It is most important that before extracting the first premolar, a reassessment of the existing problem is made.

    • Tweed (1966) proposed the extraction sequence as DC4:
      • a. At 8 year of age, all the deciduous first molars are extracted. The deciduous canines are maintained to hamper the eruption of permanent canines.
      • b. After the premolars (crowns) are through the alveolar bone, the premolars along with the deciduous canines are extracted.
    • Dale (1985) has proposed the same technique in cases of alveolodental protrusion. Here after extraction of the premolar and canine, no effort is made to prevent the lingual movement of teeth.

      Advantages of serial extraction procedure:

      The key advantage in serial extraction lies in the fact that by timely extraction of the teeth, further appliance therapy is minimized or eliminated. It will also reduce the complexity of treatment need.

      Disadvantages of serial extraction procedure:

      1. Unfortunately, quite too often the serial extraction procedure will have to be followed by fixed appliance therapy. This is particularly so in cases of Class I with crowding, where the procedure is accompanied by the following:
        • a. Relatively deep overbite
        • Distoaxial inclination of the canines and mesioaxial inclination of the second premolars. This has been termed as ditching. Thus mechanotherapy and retention may be unavoidable.
      2. It may be used only selectively in Class II malocclusions.
      3. Psychological trauma and lack of the patient co-operation may affect the future dental treatment.
      4. Caries may affect the second premolars, necessitation their removal.
      5. Impacted canines -even after removal or premolar, the canine may remain impacted.
  • Timely extraction:

    This is similar to serial extractions where in sequential removal of deciduous teeth is carried out, but differs in that no permanent teeth are removed. The term Timely extraction has been recommended by Stemm (1973).

    Timed extractions have been advocated in cases where:

    • a.There is a gingival recession due to labial positioning of the lower incisors, coupled with an inadequacy of dental arch length.
    • b.There is ectopic eruption of the lateral incisors or the first permanent molars. Apart from the locking of the tooth below the deciduous counterpart (especially in maxillary molar), space loss may also be present.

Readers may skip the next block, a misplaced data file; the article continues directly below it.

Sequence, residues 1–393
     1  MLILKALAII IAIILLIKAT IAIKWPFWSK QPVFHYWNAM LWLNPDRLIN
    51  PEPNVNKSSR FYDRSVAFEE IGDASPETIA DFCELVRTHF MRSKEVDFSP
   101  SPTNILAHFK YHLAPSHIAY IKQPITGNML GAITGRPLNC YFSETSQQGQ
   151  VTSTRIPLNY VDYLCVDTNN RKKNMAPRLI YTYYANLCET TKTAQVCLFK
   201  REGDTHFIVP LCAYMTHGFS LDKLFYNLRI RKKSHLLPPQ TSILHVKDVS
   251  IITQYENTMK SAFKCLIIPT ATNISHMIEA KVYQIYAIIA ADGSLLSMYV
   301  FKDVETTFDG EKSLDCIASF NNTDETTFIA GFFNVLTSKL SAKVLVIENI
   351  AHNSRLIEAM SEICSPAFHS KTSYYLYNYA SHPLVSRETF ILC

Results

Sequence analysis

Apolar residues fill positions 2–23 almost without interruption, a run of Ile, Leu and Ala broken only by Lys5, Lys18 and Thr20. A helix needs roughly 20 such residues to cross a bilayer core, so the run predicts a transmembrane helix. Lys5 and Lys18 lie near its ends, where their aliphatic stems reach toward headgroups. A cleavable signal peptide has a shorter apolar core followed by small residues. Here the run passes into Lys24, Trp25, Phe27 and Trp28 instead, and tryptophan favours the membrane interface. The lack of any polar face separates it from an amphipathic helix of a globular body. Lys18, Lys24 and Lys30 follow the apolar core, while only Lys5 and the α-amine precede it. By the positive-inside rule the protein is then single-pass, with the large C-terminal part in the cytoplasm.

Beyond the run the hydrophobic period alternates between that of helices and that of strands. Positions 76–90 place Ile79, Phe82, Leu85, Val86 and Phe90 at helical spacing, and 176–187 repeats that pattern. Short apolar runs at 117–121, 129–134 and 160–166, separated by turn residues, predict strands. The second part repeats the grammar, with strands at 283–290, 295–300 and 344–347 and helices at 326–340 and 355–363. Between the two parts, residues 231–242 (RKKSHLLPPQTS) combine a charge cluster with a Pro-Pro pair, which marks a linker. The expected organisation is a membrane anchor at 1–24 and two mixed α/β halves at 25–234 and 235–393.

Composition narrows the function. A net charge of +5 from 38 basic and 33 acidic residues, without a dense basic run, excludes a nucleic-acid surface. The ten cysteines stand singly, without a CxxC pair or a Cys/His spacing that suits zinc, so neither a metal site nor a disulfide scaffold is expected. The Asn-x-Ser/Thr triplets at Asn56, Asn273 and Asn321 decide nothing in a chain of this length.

The plain removal of the canine swill cause lateral and lingual shift of the mandibular incisors. Though this will help in repositioning, it may create arch length deficiency where none existed before and this should be accompanied by space maintenance to preserve the alignment. The best indication to use the so called times extractions of primary teeth would be when the crowding is 4-9 mm. this is because the alignment of the incisors after the permanent canines have erupted is a difficult task.

  • Incisor extraction:
    Occasionally, extraction of an incisor tooth may give a good result. This can be done in cases where the jaws are narrow and the teeth are fanned out laterally. Any pathology of the lateral incisors, where it cannot be saved or if it is excluded from the arch, may favor its extraction.
  • Wilkinson’s extractions:
    While serial extractions are primarily indicated in cases where the crowding exists in the anterior region for relief of crowding in the posterior teeth segments, the first molar extractions can be carried out.The criteria to be evaluated would thus be quite similar to serial extractions. The dental age of an individual needs to be assessed. For the second molar to assume a normal relationship, the first molar should be extracted preferably before eruption of the second molar (especially in the mandibular arch). Before extracting the first molars, the inclination of the second premolar should be evaluated, as it may incline further distally and get impacted below the second molar.

The above article discusses briefly about the

dental crowding – extraction of teeth